A ‘phase-one’ deal between the US and China is no longer the almost-certain prospect it was not so long ago, leaving investors fearing that the tariff increases planned for 15 December will now go ahead.

No one is really listening these days to the remarks from US and Chinese leaders, who are trying to talk unity but with a fair dose of woolliness as well. Apparently, Xi Jinping has let it be known that he is not scared of a trade war, and the People’s Republic wants a deal based on mutual respect and equal treatment. Meanwhile Donald Trump thinks that a deal is just around the corner, and Xi wants it more badly than he does. In another development, the Trump administration is considering launching a trade inquiry into its dealings with the EU, investigating whether it would be justified to slap customs duties on car imports into the US.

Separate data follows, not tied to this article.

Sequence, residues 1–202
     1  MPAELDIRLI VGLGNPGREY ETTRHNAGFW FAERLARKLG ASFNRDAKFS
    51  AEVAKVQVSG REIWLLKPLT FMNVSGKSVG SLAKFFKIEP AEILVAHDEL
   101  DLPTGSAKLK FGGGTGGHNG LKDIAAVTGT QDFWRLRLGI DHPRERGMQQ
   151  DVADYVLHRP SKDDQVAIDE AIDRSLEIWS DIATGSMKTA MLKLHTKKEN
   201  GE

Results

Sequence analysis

Purchasing manager indicators (PMIs) reported in the Eurozone this month have again been weak. The manufacturing PMI stands at 46.6 while the composite PMI has edged down to 50.3. The slowdown in manufacturing is spreading to the services industry, suggesting a near standstill in economic growth during the fourth quarter. In Germany, however, the worst of the manufacturing slump may be over, as reflected by a small increase in the November PMI to 43.8. In Japan, the slowdown has continued, with the manufacturing PMI contracting this month and exports in the red. Elsewhere, the US consumer confidence index rose to 96.8. The latest OECD forecast is for global GDP growth of 2.9% in 2019 and 2020, which would be the slowest rate since 2008. For this year, it forecasts GDP growth of 2.3% in the US, 1.2% in the Eurozone and 6.2% in China.

We feel that some equities are now overbought, so caution is advised. Depending on how the US election campaign pans out and which candidates emerge as the front-runners, more volatility can be expected in share prices during the months ahead. Specifically, investors will be watching the debates and listening to proposals about the healthcare system, tech giants and corporate taxation.
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